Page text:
|The Story of the Splendid Milton-Madison Bridge|
The Milton-Madison Ohio River Bridge is to become free today, several years earlier than was originally contemplated. Diligent application of business principles to the problems of government within the administration of affairs of the Kentucky Department of Highways has resulted in the freeing of a total of 12 toll bridges within the past four years. This bridge, as well as the other 11, is a historic milepost.
The Milton-Madison bridge was built as a private enterprise. The bridge was designed and constructed by the J. G. White Engineering Company of New York City during the years 1928 and 1929, and was opened to traffic on December 20, 1929. The total original reported cost of the bridge was $1,365,101.84. To provide funds with which to purchase this bridge the Department of Highways issued Commonwealth of Kentucky Bridge Revenue Bonds, authorized by the Murphy Act of 1928.
Between the date of acquisition, December 10, 1937, and August 31, 1947, a total of 2,079,810 vehicles crossed this bridge. The bridge is 3,181 feet in length, consisting of three 150 ft. steel deck truss spans; one 150 ft. through truss steel spam; one 254 ft. through truss steel span; one 727 ft. through truss steel span; two 600 ft. through truss steel spans, and one 78 ft. steel plate girder span. The piers and abutments are concrete and the floor is concrete, providing a 20 ft. roadway. The floor of the bridge is approximately 100 feet above the low water level. At normal river stage, four piers are in the river. All of these, in addition to another land pier on the Kentucky side, are all piers that support the main spans and are carried to solid rock.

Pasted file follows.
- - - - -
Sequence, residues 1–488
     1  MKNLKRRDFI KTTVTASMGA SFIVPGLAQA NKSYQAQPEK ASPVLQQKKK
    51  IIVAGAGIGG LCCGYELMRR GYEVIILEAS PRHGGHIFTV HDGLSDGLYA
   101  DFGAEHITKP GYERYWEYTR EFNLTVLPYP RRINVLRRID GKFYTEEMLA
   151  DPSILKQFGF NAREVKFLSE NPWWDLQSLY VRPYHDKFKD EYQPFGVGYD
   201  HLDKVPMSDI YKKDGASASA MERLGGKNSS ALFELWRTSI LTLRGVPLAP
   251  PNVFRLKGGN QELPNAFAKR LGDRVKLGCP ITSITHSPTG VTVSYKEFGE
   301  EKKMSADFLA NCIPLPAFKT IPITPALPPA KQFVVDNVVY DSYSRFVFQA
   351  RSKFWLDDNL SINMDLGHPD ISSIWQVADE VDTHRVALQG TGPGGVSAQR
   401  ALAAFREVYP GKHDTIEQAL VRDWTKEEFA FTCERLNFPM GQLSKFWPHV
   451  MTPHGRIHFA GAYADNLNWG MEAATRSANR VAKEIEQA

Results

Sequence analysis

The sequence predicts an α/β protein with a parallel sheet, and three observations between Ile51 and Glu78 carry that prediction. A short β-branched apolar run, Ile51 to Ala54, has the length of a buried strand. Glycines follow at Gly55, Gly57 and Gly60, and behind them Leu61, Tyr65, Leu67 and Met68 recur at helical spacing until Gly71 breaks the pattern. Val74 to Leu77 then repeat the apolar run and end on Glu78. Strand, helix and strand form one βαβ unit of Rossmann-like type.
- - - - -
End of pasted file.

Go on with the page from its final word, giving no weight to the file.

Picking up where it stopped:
The bridge provides the shortest route between Lexington, Kentucky and Indianapolis, Indiana. It spans the Ohio River between Milton, Kentucky and Madison, Indiana, and connects Kentucky Highways 37, 36 and 42 with Indiana Highways 56, 7, 29 and 62.
Maintenance of the bridge since acquisition has been under the direction of the Bridge Section of the Kentucky Department of Highways. All maintenance costs of the bridge have been carried by the Road Fund and were not charged against tolls.
All bridge projects in Kentucky are under the supervision of the Bridge Section of the Kentucky Department of Highways, H. R. Creal, Bridge Engineer, and E. D. Smith, Assistant Bridge Engineer. T. H. Cutler is State Highway Engineer.
|from the Program Celebrating
the Freeing of the Milton-Madison Toll Bridge. The Freeing was
Saturday, November 1, 1947, at noon